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EUPRIM-NET — Result In Brief

Project ID: 26155
Country: Germany

Optimising research with non-human primates

A European integrated initiative has revised the infrastructure of publicly-funded centres specialising in non-human primate biomedical research. With the major focus on research efficiency, results of the Euprim-NET project promise to deliver more rapid development of vaccines and pharmaceuticals for diseases like cancer and hepatitis.
Optimising research with non-human primates
Non-human primates play an essential role in biomedical research. Due to their genetic proximity to humans, the animal group provides models for genomic and biotechnical research in the health area.

The importance of biomedical research in areas such as disease and organ transplantation means there are already extensive research activities going on at knowledge centres. Moreover, these labs are equipped with infrastructure resources for essential primate housing and breeding.

High ethical demands on research into primates and the intrinsic complexity of primate physiology require specialised and highly competent research facilities. To raise the level of research even further, the EU-funded project Euprim-NET created a network for publicly-funded primate centres.

An integrated infrastructure initiative was drawn up to provide the best services and support for primate-based animal research. Euprim-NET objectives included the optimisation of primate keeping and breeding facilities and the standardisation of procedures in biomedical research. Biobanks of high quality primate material were established and training provided for all staff involved with the animals.

Objectives were met through four network activities, transnational activities and three joint research activities. Deliverables included a manual on primate husbandry and extensive training through seminars, workshops and distribution of educational material. Transnational access activities also included the Primocid platform to facilitate pre-clinical research in chronic immune-mediated diseases like rheumatoid arthritis.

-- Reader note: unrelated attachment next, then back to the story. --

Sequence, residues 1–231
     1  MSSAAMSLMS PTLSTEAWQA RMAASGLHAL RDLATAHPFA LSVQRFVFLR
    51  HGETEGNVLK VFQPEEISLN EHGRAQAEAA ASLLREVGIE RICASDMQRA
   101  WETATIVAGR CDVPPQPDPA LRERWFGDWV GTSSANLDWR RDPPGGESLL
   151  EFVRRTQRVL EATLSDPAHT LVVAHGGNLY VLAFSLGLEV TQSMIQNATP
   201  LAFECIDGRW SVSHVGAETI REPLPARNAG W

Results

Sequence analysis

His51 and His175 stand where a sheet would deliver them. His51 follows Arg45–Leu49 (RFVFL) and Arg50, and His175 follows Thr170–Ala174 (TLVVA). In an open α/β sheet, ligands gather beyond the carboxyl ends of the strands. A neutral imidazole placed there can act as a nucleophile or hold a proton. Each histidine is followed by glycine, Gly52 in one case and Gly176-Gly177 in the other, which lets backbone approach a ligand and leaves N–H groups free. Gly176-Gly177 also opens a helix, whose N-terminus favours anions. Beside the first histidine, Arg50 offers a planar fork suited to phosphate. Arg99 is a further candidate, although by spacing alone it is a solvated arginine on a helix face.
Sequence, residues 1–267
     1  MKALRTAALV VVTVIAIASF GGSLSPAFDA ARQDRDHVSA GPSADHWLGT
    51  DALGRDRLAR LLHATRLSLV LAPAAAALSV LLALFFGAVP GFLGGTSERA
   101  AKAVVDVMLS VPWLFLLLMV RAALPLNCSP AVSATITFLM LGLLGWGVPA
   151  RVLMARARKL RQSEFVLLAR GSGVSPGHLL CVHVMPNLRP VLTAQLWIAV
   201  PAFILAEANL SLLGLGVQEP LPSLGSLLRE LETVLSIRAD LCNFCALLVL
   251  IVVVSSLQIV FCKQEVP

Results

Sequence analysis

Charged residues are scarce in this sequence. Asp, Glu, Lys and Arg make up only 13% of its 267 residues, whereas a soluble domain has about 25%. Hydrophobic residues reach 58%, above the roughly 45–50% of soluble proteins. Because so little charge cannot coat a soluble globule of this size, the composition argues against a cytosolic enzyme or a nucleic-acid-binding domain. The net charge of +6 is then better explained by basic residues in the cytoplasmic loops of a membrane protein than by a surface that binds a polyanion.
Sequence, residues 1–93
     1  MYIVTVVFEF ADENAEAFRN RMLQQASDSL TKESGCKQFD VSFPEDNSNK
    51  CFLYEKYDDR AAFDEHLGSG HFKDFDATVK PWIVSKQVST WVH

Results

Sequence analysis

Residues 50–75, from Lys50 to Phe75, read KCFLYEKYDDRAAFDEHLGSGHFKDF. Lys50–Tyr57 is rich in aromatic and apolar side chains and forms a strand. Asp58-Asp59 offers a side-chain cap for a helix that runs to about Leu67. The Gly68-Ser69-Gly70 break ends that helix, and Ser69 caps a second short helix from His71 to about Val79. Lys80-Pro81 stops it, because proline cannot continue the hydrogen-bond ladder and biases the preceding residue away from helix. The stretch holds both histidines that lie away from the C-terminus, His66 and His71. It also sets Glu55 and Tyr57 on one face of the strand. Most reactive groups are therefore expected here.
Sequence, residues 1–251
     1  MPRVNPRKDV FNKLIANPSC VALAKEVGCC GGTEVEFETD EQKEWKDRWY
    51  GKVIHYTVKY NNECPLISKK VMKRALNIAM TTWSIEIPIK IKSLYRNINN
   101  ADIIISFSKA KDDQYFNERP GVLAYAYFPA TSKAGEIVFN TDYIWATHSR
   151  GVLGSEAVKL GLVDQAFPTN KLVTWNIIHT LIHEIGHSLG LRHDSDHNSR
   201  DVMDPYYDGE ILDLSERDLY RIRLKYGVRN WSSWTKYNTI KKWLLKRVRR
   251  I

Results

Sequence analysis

Actual examples of research supported under the Euprim-NET project are plentiful. New diagnostic assays for polyomaviruses, herpes B and some retroviruses have been developed and several commercially available tests were evaluated for specificity and sensitivity. Molecular typing of immune genes in macaques for understanding of pathogen susceptibility actually results in fewer animals being used for testing.

In line with networking between remote labs, a high bandwidth telemetric device for remote electrophysiological recordings was proposed. Operators can receive wireless broadband recordings of neural spiking activity with simultaneous remote control of the microelectrode position.

Euprim-NET work has improved standards in non-human primate research. More efficient development of drug therapies and strategies for conditions that impose a heavy cost on healthcare, such as neurodegenerative disorders and cancer, may be accelerated.

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